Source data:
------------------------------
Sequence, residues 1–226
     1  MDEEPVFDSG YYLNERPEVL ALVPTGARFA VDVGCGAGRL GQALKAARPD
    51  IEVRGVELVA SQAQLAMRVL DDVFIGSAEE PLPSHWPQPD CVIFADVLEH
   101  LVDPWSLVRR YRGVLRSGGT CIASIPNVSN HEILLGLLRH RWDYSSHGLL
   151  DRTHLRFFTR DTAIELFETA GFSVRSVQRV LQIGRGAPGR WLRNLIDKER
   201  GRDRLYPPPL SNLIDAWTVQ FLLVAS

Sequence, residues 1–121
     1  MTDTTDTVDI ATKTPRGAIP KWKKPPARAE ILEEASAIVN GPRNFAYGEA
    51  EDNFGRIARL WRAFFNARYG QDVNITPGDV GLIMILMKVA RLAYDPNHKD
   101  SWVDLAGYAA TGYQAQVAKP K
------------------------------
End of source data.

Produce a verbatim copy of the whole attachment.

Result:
Sequence, residues 1–226
     1  MDEEPVFDSG YYLNERPEVL ALVPTGARFA VDVGCGAGRL GQALKAARPD
    51  IEVRGVELVA SQAQLAMRVL DDVFIGSAEE PLPSHWPQPD CVIFADVLEH
   101  LVDPWSLVRR YRGVLRSGGT CIASIPNVSN HEILLGLLRH RWDYSSHGLL
   151  DRTHLRFFTR DTAIELFETA GFSVRSVQRV LQIGRGAPGR WLRNLIDKER
   201  GRDRLYPPPL SNLIDAWTVQ FLLVAS

Sequence, residues 1–121
     1  MTDTTDTVDI ATKTPRGAIP KWKKPPARAE ILEEASAIVN GPRNFAYGEA
    51  EDNFGRIARL WRAFFNARYG QDVNITPGDV GLIMILMKVA RLAYDPNHKD
   101  SWVDLAGYAA TGYQAQVAKP K